Traditionally, engineers have counted on security elements like access control and encryption to ensure inputs are valid and disruptions will be prevented. But cybersecurity researchers have found many flaws in these controls and in supporting technology, such as IP or the Media Access Control (MAC) layer, which can enable remote code execution and malfeasance that eventually leads to device compromise.


The massive increase in inputs and complexity also changes the terms of one of the most contentious functional safety-cybersecurity debates: 


How likely is it that an attacker could defeat a safety system? 


Factor 3: The risk of cyberattacks in functional safety systems is growing


The cybersecurity firm Dragos, which investigated the 2017 Triton attack on a Saudi Arabian petrochemical plant, described it as “an escalation” in cyberwarfare, in that it was “specifically designed to target the safety function of the process.” Although the attackers had targeted the plant’s safety system, and the malware used was powerful enough to result in a catastrophic, life-threatening event, their efforts led only to a temporary plant shutdown. Moreover, Dragos concluded a catastrophic outcome was highly unlikely.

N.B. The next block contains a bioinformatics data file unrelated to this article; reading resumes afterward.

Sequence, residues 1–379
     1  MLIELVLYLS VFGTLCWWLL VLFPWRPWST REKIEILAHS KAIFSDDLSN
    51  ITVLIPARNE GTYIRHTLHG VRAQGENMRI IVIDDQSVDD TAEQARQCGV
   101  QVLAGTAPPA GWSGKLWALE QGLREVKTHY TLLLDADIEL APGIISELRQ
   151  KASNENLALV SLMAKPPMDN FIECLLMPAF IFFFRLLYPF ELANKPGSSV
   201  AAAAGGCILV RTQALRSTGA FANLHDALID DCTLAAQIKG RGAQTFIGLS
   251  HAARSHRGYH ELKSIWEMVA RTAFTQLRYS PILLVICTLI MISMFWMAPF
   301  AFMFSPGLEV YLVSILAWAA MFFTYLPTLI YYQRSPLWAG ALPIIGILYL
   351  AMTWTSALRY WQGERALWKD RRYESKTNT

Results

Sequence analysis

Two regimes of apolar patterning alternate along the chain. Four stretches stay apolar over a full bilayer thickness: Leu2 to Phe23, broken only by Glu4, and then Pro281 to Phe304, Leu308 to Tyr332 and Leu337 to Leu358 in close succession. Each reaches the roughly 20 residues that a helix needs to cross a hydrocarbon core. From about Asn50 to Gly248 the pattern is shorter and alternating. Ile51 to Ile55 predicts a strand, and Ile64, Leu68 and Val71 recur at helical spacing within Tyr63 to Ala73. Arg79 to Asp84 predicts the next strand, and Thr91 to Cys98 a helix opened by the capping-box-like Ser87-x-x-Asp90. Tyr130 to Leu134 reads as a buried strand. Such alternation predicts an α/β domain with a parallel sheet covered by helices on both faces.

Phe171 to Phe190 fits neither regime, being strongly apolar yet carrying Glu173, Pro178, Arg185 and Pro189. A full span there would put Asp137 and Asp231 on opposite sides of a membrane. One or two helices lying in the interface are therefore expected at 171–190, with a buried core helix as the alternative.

But we know more today about how an attacker can change logic controls to “trick” safety equipment that is designed to trip in the event it does not receive a signal of normal operation within a regular timeframe. In other words, a sophisticated attacker could simulate normal operations even when devices or systems were approaching or in an unsafe state. 


This has immediate implications for safety engineering. Namely, if safety devices can be disabled or manipulated, have we done enough to engineer their cybersecurity features? 


How can security and safety experts expand and deepen collaboration?


Functional safety and security experts first need to collaboratively address subsidiary questions, such as: 

·        What is the real risk of a successful cyberattack on safety systems or equipment? 

·        How can safety engineers and cyber researchers better coordinate to close the gap between safety and security standards? 

·        Is it time to consider more robust security at the device level as a necessity rather than an attractive feature in safety systems?


Here are three points cybersecurity experts need to emphasize: 


Point 1: We can’t wait on regulations and standards. Important as they are, safety and security standards will not address the cutting edge of safety and cybersecurity. 


Point 2: Mapping needs to reflect the growing complexity of functional safety systems. As system inputs proliferate, it will be necessary for both disciplines to visualize and create reliable defenses for OT and functional safety systems that reflect rapidly increasing connectivity and complexity.  


Point 3:  Security researchers need more seats at the table. In general, cyber researchers have had to fight for a seat at the table, even as their work overlaps with and introduces complexity to safety systems. 


Conferences where experts from both fields are also lacking — and needed. Without a true integration of the disciplines, industrial deployments will not be protected from the full range of modern threats.